Poe was less concerned with the physical than the psychological aspects of the city. He was adept at depicting anxiety arising from living in proximity to—indeed sometimes under the same roof as—complete strangers. Peeples suggests that Poe’s stories respond “… to the mid-nineteenth-century city’s defining characteristics: alienation, ethnic diversity, racial tension, and the inscrutability of the urban landscape and its inhabitants.” It has been suggested that Poe endured rather than embraced city life, but the city is where he needed to be.
Poe lived in New York between 1844 and 1848. Like many New Yorkers, he moved frequently in search of cheaper lodging while also seeking to remain close to publishing houses. He continued to cherish the idea of establishing a literary journal; in the meantime, he maintained his reputation as a fearsome critic through a series of successful lectures attacking such beloved contemporaries as Henry Wadsworth Longfellow. By 1847, Poe and his family had moved to the suburbs, the Fordham section of The Bronx, where it was hoped that fresher air would restore Virginia’s failing health. She died that year of tuberculosis. Along with other scholars, Peeples identifies Virginia’s death as a moment of deep despair followed by depression, failed romances, and increased itinerancy.
We should not allow Poe to depart from New York without recalling his brief stay in a farmhouse on West 84th Street, where he was writing a poem in which the central figure would be “a non-reasoning creature…” with the power of speech. Although he may well have been thinking of a common species of New Yorker, he more likely took inspiration from Dickens’s sagacious pet raven Grip (now housed in the Philadelphia Free Library) and the fictional raven in Barnaby Rudge. Happily, Poe settled on the raven, and what the bird delivered was the poem that rather quickly made Poe famous worldwide.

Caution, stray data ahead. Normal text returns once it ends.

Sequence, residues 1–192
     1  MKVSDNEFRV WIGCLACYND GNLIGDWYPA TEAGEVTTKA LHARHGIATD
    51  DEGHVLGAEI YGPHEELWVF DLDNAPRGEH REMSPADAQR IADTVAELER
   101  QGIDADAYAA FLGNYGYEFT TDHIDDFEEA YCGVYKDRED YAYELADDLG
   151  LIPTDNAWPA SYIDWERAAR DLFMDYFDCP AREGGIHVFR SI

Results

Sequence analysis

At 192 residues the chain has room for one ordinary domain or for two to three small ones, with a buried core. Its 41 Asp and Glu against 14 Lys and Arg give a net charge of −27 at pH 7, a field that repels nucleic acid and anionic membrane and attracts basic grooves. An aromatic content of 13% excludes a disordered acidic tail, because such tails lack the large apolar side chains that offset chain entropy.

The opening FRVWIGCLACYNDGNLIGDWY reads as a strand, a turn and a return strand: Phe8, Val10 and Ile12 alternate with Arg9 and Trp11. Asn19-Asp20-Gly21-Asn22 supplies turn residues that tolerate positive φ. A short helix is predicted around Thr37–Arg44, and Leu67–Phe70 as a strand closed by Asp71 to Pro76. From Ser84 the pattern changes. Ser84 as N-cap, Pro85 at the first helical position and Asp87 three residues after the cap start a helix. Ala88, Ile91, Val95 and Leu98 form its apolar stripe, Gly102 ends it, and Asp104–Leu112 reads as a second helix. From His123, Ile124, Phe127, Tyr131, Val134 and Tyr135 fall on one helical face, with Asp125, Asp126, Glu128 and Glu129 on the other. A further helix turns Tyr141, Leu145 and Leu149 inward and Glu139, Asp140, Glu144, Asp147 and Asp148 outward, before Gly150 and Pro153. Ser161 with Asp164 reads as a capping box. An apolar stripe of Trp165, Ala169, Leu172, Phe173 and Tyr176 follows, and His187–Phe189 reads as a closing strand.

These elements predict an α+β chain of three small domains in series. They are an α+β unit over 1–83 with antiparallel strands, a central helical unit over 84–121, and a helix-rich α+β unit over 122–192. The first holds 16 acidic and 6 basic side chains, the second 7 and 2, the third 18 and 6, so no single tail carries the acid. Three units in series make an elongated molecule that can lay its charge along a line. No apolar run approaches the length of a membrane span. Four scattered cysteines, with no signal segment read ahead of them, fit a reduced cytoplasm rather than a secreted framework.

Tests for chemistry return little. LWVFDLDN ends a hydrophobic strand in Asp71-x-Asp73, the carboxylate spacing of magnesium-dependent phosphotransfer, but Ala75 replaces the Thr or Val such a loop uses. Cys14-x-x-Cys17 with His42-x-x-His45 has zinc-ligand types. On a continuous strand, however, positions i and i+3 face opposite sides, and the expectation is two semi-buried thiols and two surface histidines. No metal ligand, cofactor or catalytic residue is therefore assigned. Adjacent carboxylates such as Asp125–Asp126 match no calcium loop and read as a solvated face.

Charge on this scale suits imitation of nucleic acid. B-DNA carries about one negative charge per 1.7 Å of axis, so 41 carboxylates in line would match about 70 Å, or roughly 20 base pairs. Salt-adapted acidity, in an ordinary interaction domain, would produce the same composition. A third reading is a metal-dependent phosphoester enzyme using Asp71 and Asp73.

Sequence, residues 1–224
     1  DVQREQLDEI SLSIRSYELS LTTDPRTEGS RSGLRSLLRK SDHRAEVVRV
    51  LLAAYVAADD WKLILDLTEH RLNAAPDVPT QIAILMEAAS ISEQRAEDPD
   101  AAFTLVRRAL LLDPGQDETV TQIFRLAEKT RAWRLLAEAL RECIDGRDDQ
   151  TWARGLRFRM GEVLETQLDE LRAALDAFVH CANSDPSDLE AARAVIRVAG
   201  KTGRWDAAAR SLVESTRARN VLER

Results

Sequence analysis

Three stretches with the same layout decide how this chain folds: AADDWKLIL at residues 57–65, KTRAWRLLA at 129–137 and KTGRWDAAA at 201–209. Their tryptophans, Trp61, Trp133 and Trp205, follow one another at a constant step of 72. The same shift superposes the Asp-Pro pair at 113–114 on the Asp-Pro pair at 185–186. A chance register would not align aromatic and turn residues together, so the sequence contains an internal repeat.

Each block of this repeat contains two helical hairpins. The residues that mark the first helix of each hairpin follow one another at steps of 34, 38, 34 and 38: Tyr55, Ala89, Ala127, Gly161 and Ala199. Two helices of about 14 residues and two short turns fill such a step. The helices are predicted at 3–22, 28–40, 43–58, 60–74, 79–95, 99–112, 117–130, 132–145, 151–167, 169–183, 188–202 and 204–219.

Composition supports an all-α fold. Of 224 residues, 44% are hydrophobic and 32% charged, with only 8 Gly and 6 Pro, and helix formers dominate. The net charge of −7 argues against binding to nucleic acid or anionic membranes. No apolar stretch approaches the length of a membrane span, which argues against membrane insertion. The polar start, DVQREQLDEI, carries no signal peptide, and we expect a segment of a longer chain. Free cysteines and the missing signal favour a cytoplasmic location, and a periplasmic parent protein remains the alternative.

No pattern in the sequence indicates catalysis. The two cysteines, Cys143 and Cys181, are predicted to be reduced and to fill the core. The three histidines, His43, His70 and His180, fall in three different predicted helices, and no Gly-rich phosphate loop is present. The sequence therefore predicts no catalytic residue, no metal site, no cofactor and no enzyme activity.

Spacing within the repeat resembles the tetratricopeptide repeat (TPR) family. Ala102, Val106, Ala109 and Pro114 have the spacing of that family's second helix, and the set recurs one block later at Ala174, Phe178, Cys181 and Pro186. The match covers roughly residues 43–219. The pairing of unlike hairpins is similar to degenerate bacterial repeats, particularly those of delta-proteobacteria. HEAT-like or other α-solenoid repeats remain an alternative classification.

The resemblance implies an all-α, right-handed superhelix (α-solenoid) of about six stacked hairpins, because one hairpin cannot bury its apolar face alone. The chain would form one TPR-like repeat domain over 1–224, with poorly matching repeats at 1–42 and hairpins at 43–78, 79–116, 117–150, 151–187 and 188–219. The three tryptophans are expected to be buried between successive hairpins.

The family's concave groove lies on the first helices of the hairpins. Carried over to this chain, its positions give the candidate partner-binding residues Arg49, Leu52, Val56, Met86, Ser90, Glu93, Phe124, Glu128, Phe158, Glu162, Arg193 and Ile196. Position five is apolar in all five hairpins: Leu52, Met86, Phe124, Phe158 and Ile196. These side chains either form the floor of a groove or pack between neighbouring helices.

In the concluding chapter “In Transit (1848-1849),” Peeples depicts a desperate and ailing genius moving frenetically from one city to another, taking a final turn on the urban stage before his mysterious death in Baltimore. This chapter serves as a coda that allows us to review the cities where Poe once lived and which even now claim him as one of their own.
In contrast to most earlier works, The Man of the Crowd takes on slavery and racism more directly; Poe lived as a wealthy Southerner while with the Allans, and his association with slavery might make admirers somewhat uncomfortable. But what Peeples offers is a more nuanced understanding of the social, cultural, and physical lives of cities that shaped the work of “… arguably America’s first modern writer.” A brilliant stylist and critic, Poe is the widely acknowledged pioneer of detective, Gothic, and psychologically complex short fiction. His overarching influence ranges from Charles Baudelaire and Paul Valéry to Arthur Conan Doyle and H.G. Wells. After acknowledging Poe’s talent and faults, Peeples concludes with the image of a man shrouded in the mysteries that have intrigued readers since his enigmatic death. Poe lives in the city, forevermore!
Katherine J. Kim is Assistant Professor of English at Molloy College. She earned BA and MA degrees from the University of Chicago and a PhD from Boston College. She conceived of and co-organized the Edgar Allan Poe Bicentennial Celebration (held at BC) and participated in the creation of a Boston Public Library Poe exhibit and the installation of Boston’s Poe statue. Among other work, Katherine wrote book chapters for Kevin J. Hayes’s Edgar Allan Poe in Context and Philip Edward Phillips’s Poe and Place as well as articles published in Studies in the Novel, Sexuality and Culture, and Dickens Quarterly.
Featured image (at top): Fielding Lucas Jr., “Plan of the City of Baltimore,” (1836) Library of Congress.